US President Donald J. Trump told Republicans on June 6 that he envisions a 40 feet to 50 feet high wall encrusted with solar panels he called “beautiful structures.” After meeting with the president, Republican congressman Steve Scalise of Louisiana later told The Hill that Trump thought affixing solar panels to the wall would “ultimately pay for itself.” (In an unrelated event, Scalise was shot June 14 by a gunman while practicing baseball with fellow Republicans in Alexandria, Virginia, and reported to be in critical condition.)
Trump appears to have seized on a proposal submitted to the government by a small, Las Vegas-based construction-supply firm named Gleason Partners. The firm wants to construct a cement and steel wall stretching for more than 2,000 miles (3,200 km) along the US-Mexico border at a cost of about $7.5 million per mile. By outfitting the wall with solar panels, the firm proposes selling electricity on both sides of the border to pay construction costs within 20 years, reports the AP. “The wall pays for itself,” the firm’s founder Tom Gleason told E&E News.
To verify that claim, Quartz asked a company in the business of solar construction estimates to review the figures. Analysts at PowerScout, who have helped originate, develop and finance $750 million of new solar construction on more than 200 projects at previous firms such as SunEdison, used publicly available data to draw up project estimate budget (you can adjust the assumptions here).
PowerScout found electricity sales from a solar wall, under the most favorable assumptions, could pay for itself over 25 years — but you’d likely have to exclude the costs of operating or maintaining the array, building new transmission lines, acquiring land, and financing expenses. PowerScout also found the price tag of the proposed project was wildly underestimated: Gleason’s projected cost of $7.2 million per mile (about the same as a simple fence, according to government figures) was “virtually impossible to achieve with any set of assumptions.”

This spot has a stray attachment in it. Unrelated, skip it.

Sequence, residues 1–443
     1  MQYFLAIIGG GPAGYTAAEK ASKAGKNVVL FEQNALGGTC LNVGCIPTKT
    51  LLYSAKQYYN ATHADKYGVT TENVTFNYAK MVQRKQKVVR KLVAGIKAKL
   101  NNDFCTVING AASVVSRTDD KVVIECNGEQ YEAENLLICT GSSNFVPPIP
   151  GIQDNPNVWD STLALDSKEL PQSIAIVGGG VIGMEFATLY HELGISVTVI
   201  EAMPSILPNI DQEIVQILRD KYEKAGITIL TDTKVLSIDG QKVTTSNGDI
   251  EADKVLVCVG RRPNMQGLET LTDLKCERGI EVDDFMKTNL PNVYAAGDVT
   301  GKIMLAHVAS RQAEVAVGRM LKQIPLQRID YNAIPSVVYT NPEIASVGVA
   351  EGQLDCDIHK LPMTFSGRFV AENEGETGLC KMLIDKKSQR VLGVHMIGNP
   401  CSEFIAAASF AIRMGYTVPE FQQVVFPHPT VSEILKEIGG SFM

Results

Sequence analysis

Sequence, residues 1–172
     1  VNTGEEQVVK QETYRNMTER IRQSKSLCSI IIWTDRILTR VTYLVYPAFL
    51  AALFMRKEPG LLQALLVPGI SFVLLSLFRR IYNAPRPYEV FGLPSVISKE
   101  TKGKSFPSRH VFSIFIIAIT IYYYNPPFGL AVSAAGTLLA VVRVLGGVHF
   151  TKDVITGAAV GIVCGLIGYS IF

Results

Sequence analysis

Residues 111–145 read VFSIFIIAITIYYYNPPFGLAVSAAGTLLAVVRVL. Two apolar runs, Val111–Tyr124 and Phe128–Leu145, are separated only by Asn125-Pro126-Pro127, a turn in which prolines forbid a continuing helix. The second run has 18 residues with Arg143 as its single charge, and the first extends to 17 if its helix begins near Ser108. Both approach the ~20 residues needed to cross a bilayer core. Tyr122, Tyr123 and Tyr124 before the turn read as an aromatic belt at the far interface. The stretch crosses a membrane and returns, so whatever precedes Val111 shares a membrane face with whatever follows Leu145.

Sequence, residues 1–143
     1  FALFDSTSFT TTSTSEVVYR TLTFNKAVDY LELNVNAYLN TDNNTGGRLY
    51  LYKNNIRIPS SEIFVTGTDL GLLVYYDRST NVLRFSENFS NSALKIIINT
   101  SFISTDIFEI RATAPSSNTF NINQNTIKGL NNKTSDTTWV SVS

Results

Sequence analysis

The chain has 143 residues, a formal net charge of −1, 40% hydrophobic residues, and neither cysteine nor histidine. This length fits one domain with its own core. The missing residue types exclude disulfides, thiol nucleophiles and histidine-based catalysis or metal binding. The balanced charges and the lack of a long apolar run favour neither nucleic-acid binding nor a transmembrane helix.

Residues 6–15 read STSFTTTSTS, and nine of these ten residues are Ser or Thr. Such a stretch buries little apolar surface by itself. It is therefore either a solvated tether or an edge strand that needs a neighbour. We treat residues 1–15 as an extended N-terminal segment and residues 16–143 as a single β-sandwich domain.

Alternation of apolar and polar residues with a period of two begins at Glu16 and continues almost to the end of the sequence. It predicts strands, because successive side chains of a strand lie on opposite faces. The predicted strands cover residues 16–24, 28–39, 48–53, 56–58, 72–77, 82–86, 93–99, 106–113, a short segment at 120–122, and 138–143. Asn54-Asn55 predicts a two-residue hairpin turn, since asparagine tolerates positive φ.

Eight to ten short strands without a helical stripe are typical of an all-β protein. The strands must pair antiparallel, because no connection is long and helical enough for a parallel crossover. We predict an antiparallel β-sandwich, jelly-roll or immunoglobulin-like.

Estimates of the wall’s costs have varied. The Department of Homeland Security issued a $21.6 billion figure in February, while a Senate Democrats’ committee put the figure at $66.9 billion in April. Adding solar-panels to the structure would cost about $46 million per mile today (or somewhat less by 2020 if panel prices keep falling), PowerScout estimates. That puts total construction, at today’s prices, somewhere between $68 billion to $158 billion.
But solar panels are lucrative. In an optimistic scenario (and assuming transmission infrastructure which does not currently exist), PowerScout estimates that a solar wall on the southern US-Mexico border could generate about $169 billion in electricity over the expected 25-year life of the panels at today’s wholesale prices. That’s enough to power about 9.2 million homes (about 112,638 GWh per year). Of course, that much power coming online is likely to affect regional electricity markets, potentially reducing the price of electricity.
Quartz reached out to Gleason’s firm to review the estimates. It rejected PowerScout’s cost calculations arguing that those figures assumed huge margins and did not account for his company’s more efficient construction methods. “I am sure they did not have structural engineers review in detail our design,” said Tom Gleason. He said his company’s plan included “thin-film modules” and a moveable array to track the sun to increase solar generation. “Our wall is designed by experts and common sense,” he said.
Of course, if the goal is to build solar power, there are easier ways to do it. Gleason’s two-tiered structure would cost about 25% more than building a regular solar farm, estimates PowerScout, even without the wall. With all that cash allocated for a wall, one could simply build two more solar farms of equal capacity. Green groups, incensed by the potential wall’s ecological impact, have also rejected the idea that solar panels can redeem the proposal. “An ecological disaster with solar panels on top is still an ecological disaster,” Brett Hartl of the Center for Biodiversity said in a statement.